“I’ve been told that some people consider me to be this ‘rock sage,'” he told me in an interview that year. “Somebody all these young musicians in bands now cite as influential. For a long time, I didn’t think much about the historical perspective because I’ve always been more interested in where I’m going next than what I’ve already done or where I’ve already gone. But I’m enjoying it now, y’know?”

Escovedo has always been near and dear to my heart, and it’s been a pleasure to watch him finally make some commercial-career progress in recent years. I wouldn’t say I grew up with his music, because I didn’t hear him until I was well into my 20s. But it’s no exaggeration to say I grew up as a music writer with him, going back to a highly amateurish interview I did with him, Jon Dee Graham and the rest of the True Believers in the summer of 1985 for the University of Texas student paper, the Daily Texan. In the quarter-century-plus since, I’ve written about the man…well, an embarrassing number of times.

My online blather about Alejandro goes back to the True Believers’ 1994 reunion and includes a few things from No Depression magazine — a 1997 piece about his contribution to “Excuse Me” as well as a 2001 Q&A. There’s plenty of stuff from more recent years here.

His performances are something like compass resets for me — regenerative rituals in which I am reminded anew why I write about music — and it’s difficult for me not to get carried away when I get to rhapsodizing about him. So I’ll just say that he’ll be in the Raleigh vicinity Sunday night to open for Heart at Cary’s Booth Amphitheatre; which might not be the most optimal situation for maximum appreciation, but if you’ve never seen him…well, the man is worth your time.

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Backsliding away

Back in the mid-1990s, Whiskeytown was hardly the only great alternative-country band on the scene. There was the aforementioned Kenny Roby’s 6 String Drag, as well as the Backsliders — dear Lord, THE BACKSLIDERS — who could give any band on the planet a run for their money on a good night. They were a bit older and more grizzled than a lot of their fresh-faced peers in the Triangle, but the Backsliders were just so damn good that they inspired awe far and wide.

As good as they were, however, the Backsliders rivaled Whiskeytown when it came to bad interpersonal vibes between their co-leaders, Chip Robinson and Steve Howell. Oil and water, Hatfields and McCoys, Tar Heels and Wolfpack — whatever metaphor suits ya, they just did not mix.

“Those guys,” Backsliders bassist Danny Kurtz once told me, “are both their own worst enemies.”

Commercial success might have been enough to keep the Backsliders together, but it was not to be. After 1996’s brilliant Throwing Rocks at the Moon (produced with great aplomb by Dwight Yoakam guitarist Pete Anderson), Howell left the band. And while that wasn’t a mortal blow, Howell did take a lot of the Backsliders’ cool country flavor with him. Robinson carried on with replacements, releasing 1998’s still-good-but-not-as-great Southern Lines; neither album sold, however, so that was that.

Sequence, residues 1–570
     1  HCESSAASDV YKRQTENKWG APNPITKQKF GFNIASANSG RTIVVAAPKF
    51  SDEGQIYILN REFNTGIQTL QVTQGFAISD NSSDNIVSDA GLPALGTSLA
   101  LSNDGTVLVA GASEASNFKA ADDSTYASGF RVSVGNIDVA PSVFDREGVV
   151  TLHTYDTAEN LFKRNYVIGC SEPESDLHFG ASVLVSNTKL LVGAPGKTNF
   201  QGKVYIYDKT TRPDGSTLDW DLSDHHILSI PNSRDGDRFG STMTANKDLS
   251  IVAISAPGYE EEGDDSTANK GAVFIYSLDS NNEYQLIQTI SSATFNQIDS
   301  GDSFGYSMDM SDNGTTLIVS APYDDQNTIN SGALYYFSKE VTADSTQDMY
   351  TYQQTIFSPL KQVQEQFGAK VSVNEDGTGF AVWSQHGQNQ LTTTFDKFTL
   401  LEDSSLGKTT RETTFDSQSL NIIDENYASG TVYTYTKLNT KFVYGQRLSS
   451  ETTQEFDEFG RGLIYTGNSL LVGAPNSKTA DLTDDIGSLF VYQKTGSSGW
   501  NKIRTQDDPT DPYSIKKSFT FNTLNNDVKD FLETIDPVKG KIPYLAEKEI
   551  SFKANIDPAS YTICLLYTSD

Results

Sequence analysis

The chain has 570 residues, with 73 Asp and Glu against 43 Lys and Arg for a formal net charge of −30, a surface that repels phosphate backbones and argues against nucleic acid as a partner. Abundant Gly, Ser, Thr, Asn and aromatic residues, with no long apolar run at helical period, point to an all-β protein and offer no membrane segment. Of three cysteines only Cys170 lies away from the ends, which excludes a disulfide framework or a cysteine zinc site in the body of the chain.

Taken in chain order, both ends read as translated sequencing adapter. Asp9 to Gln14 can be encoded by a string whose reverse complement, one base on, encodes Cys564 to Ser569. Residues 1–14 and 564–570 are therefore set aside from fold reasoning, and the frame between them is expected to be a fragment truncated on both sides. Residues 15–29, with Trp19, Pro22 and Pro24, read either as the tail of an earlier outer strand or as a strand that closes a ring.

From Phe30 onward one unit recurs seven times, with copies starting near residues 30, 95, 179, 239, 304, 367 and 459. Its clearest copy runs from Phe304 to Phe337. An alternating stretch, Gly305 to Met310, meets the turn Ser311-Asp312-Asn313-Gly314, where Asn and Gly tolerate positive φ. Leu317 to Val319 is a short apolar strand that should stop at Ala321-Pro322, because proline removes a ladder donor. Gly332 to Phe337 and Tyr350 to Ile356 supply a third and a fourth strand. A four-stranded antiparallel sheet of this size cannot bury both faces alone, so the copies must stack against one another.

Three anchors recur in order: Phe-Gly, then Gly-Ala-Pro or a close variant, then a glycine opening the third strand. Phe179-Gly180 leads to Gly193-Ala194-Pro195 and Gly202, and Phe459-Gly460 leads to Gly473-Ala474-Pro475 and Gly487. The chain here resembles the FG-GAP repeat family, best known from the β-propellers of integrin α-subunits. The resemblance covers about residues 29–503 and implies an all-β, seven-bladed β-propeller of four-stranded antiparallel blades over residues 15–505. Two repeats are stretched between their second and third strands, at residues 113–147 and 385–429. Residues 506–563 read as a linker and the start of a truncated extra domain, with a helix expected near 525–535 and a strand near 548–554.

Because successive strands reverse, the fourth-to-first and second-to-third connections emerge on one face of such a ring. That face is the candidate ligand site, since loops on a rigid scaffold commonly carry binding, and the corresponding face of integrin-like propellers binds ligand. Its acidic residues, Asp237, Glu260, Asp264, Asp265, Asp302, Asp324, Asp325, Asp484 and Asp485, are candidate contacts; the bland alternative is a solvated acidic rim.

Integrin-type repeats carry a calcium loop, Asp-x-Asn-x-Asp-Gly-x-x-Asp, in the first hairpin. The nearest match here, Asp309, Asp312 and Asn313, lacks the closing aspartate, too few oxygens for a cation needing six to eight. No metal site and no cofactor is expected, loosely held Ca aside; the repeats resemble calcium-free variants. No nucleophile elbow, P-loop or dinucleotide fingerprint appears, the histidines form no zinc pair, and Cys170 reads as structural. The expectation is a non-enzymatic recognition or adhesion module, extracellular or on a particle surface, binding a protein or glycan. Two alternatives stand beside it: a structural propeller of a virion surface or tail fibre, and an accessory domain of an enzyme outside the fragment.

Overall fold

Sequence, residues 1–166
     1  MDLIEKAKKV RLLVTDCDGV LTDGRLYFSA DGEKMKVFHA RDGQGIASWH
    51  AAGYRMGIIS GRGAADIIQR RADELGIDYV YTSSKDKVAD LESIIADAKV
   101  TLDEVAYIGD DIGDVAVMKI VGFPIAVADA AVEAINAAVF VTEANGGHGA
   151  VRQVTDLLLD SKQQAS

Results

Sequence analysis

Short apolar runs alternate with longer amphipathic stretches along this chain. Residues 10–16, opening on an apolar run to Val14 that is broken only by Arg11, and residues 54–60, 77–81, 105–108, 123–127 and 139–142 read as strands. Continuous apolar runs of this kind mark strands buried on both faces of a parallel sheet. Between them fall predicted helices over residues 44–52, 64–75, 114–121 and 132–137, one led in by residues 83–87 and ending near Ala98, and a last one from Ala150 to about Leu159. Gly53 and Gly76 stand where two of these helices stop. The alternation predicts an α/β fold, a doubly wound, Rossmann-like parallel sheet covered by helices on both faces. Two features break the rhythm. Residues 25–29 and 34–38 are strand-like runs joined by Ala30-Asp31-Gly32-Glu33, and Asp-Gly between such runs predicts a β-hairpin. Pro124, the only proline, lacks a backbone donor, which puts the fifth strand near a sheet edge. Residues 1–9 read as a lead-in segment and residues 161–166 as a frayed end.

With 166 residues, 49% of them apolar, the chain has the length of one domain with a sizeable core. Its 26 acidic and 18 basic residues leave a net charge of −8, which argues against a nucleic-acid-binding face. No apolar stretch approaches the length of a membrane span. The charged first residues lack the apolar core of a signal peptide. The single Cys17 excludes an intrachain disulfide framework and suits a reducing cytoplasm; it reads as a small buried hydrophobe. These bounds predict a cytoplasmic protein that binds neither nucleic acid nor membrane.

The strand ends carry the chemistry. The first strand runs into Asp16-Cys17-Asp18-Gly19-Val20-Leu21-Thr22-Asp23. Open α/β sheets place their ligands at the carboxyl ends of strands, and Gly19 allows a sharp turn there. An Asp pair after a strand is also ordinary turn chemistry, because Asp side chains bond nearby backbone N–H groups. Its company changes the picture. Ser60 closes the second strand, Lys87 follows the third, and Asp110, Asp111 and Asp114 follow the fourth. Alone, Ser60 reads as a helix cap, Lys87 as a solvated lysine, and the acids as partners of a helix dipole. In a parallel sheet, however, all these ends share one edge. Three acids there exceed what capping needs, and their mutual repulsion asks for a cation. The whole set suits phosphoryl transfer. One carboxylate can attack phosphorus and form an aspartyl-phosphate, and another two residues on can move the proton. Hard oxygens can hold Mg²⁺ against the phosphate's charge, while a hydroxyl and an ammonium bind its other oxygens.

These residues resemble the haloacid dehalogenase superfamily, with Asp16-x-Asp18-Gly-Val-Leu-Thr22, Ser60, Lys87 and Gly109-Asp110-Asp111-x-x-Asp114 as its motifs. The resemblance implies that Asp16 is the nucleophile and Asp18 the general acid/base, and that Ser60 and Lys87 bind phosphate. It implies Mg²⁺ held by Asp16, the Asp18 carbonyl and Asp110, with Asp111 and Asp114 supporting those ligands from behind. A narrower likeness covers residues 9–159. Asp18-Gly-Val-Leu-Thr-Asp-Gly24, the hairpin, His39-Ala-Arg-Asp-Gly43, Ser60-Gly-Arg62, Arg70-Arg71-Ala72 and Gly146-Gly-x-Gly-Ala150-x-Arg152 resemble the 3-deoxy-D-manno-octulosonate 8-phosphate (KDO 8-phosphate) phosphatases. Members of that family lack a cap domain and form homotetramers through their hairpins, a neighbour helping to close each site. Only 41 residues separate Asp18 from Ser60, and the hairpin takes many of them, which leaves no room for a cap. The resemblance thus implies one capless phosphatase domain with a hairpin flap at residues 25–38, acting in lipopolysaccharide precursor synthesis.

(ADDENDUM: Producer Eric Ambel says of Southern Lines that, “90 percent of that record was cut with Howell, Chip, Brad, Danny and Jeff. Changes happened before the record was released with one song getting re-cut and a couple others overdubbed; but the bulk of that record is the original band.”)

The Backsliders dissolved, and Kurtz and lead guitarist Brad Rice wound up in one of the umpteen late-’90s versions of Whiskeytown. Rice later played with Ryan in various incarnations, including the Pinkhearts. He was Ryan’s lead guitarist on “Saturday Night Live” in 2001; and as Rice told me when I interviewed him for “Losering,” he was just starting a guitar solo at the 2004 show in Liverpool where Ryan fell off the stage and broke his wrist. Brad has done plenty more sideman work since then, including a long stretch with Keith Urban a few years back.

Robinson and Howell kept busy with bands and projects of their own, all of them good — especially Robinson’s terrific  solo album Mylow — but neither was as good apart as they had been together. In 2003, they did reunite to play a benefit show for Alejandro Escovedo (who was ailing and without health insurance, a sadly common situation in the music business nowadays). They were still great and it felt as if no time at all had gone by, but it was a one-off…

…Until now. Saturday night, four-fifths of the classic mid-’90s Backsliders lineup (everyone except Brad Rice) will play as the Howell/Robinson Quartet at Slim’s in Downtown Raleigh. It’s another benefit, this one for the Inspirality Elder Project; and I’m told it’s the first time the co-leaders have spoken since that 2003 reunion.

This will probably be yet another one-off with no followup, the Backsliders scattering to their separate corners afterwards. But hey, I can dream.

ADDENDUM (9/30/12): I was otherwise occupied Saturday night, but multiple witness reports say that Backsliders drummer Jeff Dennis went up to Chip’s microphone toward the end of their set and hollered, “David Menconi oughtta write a book about THAT shit!”